Sampling in a Sphere

Understanding how to generate a uniform sample of points inside a sphere takes us through a few interesting topics. So let begin with the end in mind.

The following algorithm generates a uniform sample of points inside sphere in n dimensions.

$$u_1, \ldots, u_{n+2} \sim \mathcal{N}(0,1)$$ $$x_1, \ldots, x_n = \frac{(u_1,\ldots, u_n)}{\sqrt{u_1^2+\ldots+u_{n+2}^{2}}}$$

There is a lot to unpack here.

  • Why are we sampling from a normal distribution to get a uniform distribution?
  • Why $n+2$ ?
  • Why are we dropping 2 coordinates?

What is inside a Sphere?

A sphere is defined as a set of points which are equidistant from a point known as center. For this article, we mostly deal with unit spheres. A unit n-sphere with center at origin can be defined as $$ S^n = \{x \in \mathbb{R}^{n} ~:~ \|x\| = 1\} $$

This includes only the periphery of the region. Or the circumference. An n-ball however is the whole region inside the n-sphere. $$ B^n = \{x \in \mathbb{R}^{n} ~:~ \|x\| \leq 1 \}$$ Note that the $B^n$ is a closed ball so $S^n \subset B^n$.

Some quick facts about the unit n-ball and n-sphere

  • Both can be completely inscribed in the region $[-1,1]^n$
  • Volume of an n-ball is given by $$\operatorname{vol}[B^n] = \frac{\pi^{n/2}}{\Gamma(\frac{n}{2}+1)}$$ This fomula simplyfies to $\pi r^2$ and $\frac{4}{3}\pi r^2$ for a circle and 3d sphere.

When Spheres are Circles

In 2 dimensions, there is simple technique get uniformly sampling points within a circle. Rejection sampling. Generate unifom random samples inside $[-1,1]^2$ and reject all the samples which are outside the circle.

while True:
  x ~ U[-1,1]
  y ~ U[-1,1]
  if x^2+ y^2 <= 1:
    return (x,y)

However, efficiency of rejection sampling depends on how many samples are accepted; which is ratio of area of the circle to the area of the $2 \times 2$ square. and that about $$\frac{\pi 1^2}{4} \approx 78.5\%$$

We can extend the technique for higher dimensions but it has a critical flaw. The curse of dimensionality. The efficiency of rejection sampling for generating uniform sampling of points for n-sphere is


In 3 dimensions the efficiency drops to $\approx 52.33\%$ and by the time we get to 10 dimensions, its $ \frac{\pi^5/5!}{2^{10}} \approx 0.249\% $. i.e we end up rejecting $99.7\%$ of the generated points. It worse further up.

On the circumference

If we restrict ourselves to get uniform sampling of point on the circumference of the circle, there is an easier techqnique. The technique is an inversion of Marsaglia’s polar method for generating standard normal random numbers.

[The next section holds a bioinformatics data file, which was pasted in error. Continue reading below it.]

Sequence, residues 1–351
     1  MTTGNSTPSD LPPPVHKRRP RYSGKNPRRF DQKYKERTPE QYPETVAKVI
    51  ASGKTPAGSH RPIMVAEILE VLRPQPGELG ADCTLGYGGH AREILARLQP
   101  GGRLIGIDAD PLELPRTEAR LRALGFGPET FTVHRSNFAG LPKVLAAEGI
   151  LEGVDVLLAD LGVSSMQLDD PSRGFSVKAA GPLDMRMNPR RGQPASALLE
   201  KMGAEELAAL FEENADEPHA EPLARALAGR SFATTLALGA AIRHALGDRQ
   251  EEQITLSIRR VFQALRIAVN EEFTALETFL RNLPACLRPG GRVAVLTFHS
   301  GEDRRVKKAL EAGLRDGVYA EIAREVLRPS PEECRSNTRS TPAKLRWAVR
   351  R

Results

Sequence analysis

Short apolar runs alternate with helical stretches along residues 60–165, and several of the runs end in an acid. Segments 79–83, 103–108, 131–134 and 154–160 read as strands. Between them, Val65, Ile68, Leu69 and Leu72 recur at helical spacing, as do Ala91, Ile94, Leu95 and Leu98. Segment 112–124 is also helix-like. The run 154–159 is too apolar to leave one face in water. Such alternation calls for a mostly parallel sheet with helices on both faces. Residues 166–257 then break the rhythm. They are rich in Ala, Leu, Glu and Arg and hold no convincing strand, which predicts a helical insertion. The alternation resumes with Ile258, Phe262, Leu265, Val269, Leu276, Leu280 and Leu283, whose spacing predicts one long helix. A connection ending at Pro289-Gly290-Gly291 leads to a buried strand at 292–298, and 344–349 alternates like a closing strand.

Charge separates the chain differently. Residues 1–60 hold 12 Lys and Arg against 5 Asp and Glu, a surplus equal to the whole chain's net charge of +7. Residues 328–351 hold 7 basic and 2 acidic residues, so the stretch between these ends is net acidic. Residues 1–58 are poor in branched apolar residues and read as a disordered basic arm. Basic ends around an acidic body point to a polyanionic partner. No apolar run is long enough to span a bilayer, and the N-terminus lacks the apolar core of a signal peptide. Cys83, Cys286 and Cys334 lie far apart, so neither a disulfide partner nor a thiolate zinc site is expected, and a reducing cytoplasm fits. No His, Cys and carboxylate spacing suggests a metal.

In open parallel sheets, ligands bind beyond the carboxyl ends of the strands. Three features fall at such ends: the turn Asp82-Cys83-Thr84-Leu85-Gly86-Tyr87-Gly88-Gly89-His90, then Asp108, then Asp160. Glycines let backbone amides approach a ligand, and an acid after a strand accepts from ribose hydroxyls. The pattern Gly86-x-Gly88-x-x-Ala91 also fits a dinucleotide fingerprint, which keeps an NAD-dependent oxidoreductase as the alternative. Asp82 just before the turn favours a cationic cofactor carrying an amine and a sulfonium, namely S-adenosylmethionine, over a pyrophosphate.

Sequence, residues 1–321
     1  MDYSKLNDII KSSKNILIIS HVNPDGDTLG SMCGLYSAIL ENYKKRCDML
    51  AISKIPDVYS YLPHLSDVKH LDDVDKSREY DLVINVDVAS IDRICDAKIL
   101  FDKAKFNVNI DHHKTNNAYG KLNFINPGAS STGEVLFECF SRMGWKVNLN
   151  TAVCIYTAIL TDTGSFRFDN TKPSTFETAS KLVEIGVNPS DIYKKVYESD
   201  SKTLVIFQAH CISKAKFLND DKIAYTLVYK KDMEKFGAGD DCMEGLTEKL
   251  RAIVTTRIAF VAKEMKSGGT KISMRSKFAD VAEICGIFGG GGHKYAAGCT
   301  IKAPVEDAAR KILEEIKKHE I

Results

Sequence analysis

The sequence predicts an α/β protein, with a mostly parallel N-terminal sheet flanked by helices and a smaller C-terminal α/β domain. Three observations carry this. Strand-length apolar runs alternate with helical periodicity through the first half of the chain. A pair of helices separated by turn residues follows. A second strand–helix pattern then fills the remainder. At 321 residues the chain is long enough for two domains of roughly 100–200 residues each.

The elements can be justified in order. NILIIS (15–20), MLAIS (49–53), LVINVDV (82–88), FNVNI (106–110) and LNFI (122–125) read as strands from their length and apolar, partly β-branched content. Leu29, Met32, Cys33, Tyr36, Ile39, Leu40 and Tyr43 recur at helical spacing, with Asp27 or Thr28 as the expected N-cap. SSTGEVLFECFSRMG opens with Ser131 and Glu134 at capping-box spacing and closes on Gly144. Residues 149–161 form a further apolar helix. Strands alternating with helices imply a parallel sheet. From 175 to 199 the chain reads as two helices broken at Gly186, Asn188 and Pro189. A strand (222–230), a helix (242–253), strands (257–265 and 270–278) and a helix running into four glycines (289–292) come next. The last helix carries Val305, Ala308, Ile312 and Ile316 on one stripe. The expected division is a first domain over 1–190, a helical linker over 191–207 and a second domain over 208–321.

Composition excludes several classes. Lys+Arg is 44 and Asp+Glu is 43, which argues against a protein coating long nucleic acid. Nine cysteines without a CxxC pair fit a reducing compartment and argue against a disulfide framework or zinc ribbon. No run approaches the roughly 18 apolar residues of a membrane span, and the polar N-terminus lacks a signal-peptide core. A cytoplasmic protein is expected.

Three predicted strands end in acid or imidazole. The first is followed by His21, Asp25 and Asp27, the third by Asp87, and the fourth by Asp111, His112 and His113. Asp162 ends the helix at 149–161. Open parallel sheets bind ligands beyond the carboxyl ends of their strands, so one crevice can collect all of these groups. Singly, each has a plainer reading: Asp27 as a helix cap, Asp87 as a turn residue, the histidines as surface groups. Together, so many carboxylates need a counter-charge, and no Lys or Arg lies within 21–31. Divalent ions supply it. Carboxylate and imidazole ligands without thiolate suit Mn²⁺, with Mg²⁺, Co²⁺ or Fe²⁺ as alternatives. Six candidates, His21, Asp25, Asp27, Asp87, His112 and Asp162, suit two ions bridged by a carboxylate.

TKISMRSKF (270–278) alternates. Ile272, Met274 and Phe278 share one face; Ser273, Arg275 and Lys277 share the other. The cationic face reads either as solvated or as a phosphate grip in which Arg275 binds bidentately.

In 2D the technique is

$$u,v \sim \mathcal{N}(0,1)$$ $$x,y = \frac{u,v}{\sqrt{u^2+v^2}}$$

It seems a bit strange why this would generate random uniform points on the circle’s circumference. Especially since we begin sampling from a normal distribution. But the proof is simple. Let take a look at the join distribution of $(u,v)$. Since both are normally distributed and independent of each other, we have

$$f(u,v) = \left(\frac{1}{\sqrt{2\pi}} e^{-\frac{1}{2}u^2}\right) \left(\frac{1}{\sqrt{2\pi}} e^{-\frac{1}{2}v^2}\right)$$ $$= \frac{1}{2\pi} e^{\frac{1}{2} (u^2+v^2)}$$

The joint distribution of $(u,v)$ only depends on its distance from origin ($u^2+v^2$) and is invariant to direction. The last step in the algorithm where we normalise both point by this distance projects all $(u,v)$’s to the circle’s circumference without any rotation. So they are uniformly distributed on the circle.

We can extend the proof to n-dimensions

$$f(u_1,\ldots, u_n) = \prod_i \left(\frac{1}{\sqrt{2\pi}} e^{-\frac{1}{2}u_i^2}\right) = \frac{1}{(2\pi)^{n/2}} e^{\frac{1}{2}\|u\|^2} $$ and so does the technique. Generating random uniform points on n-sphere is $$u_i \sim \mathcal{N}(0,1) $$ $$ x = \frac{u}{\|u\|} $$

But what about generating uniformly sampled points inside the circle?

From circumference to the center

Uniformly distributed points on an $S^{n+2}$ are uniformly distributed on $B^{n}$.

This elegant results first observed by Harman and Lacko and later proved by Voelker et al. (2017). Following this result, we can generate uniform sampling of points in $B^n$ by first generating uniform sampling of points in $S^{n+2}$ and dropping (any) 2 coordinates.

$$u_1, \ldots, u_{n+2} \sim \mathcal{N}(0,1)$$ $$x_1, \ldots, x_n = \frac{(u_1,\ldots, u_n)}{\sqrt{u_1^2+\ldots+u_{n+2}^{2}}}$$

… but one last thing

There is one more technique which uses projection from n-sphere to get uniform sampling on points on n-ball. The key obsevation is that an n-ball is a collection of n-spheres of different radius i.e $$ B^n[1] = \bigcup_{x=0}^{1} S^n[x]$$

So first we sample a point in $S^n[1]$ and then move the point somewhere between origin and circumference. But there is a catch. The area of $S^n[x]$ is proportional to $x^n$, so we have to normalize accordingly. So

$$u_1, \ldots, u_{n} \sim \mathcal{N}(0,1)$$ $$r \sim \operatorname{U}[0,1]$$ $$x = r^{1/n} \frac{u}{\|u\|}$$


  • Harman and Lacko (2010): Harman, Radoslav and Lacko, Vladim{'\i}r “On decompositional algorithms for uniform sampling from n-spheres and n-balls” In Journal of Multivariate Analysis 101, (2010)

  • Voelker et al. (2017): Voelker, Aaron R and Gosmann, Jan and Stewart, Terrence C “Efficiently sampling vectors and coordinates from the n-sphere and n-ball” In Centre for Theoretical Neuroscience-Technical Report 1, (2017)

  • Marsaglia polar method

  • Volume of an n ball

tags: #statistics #probability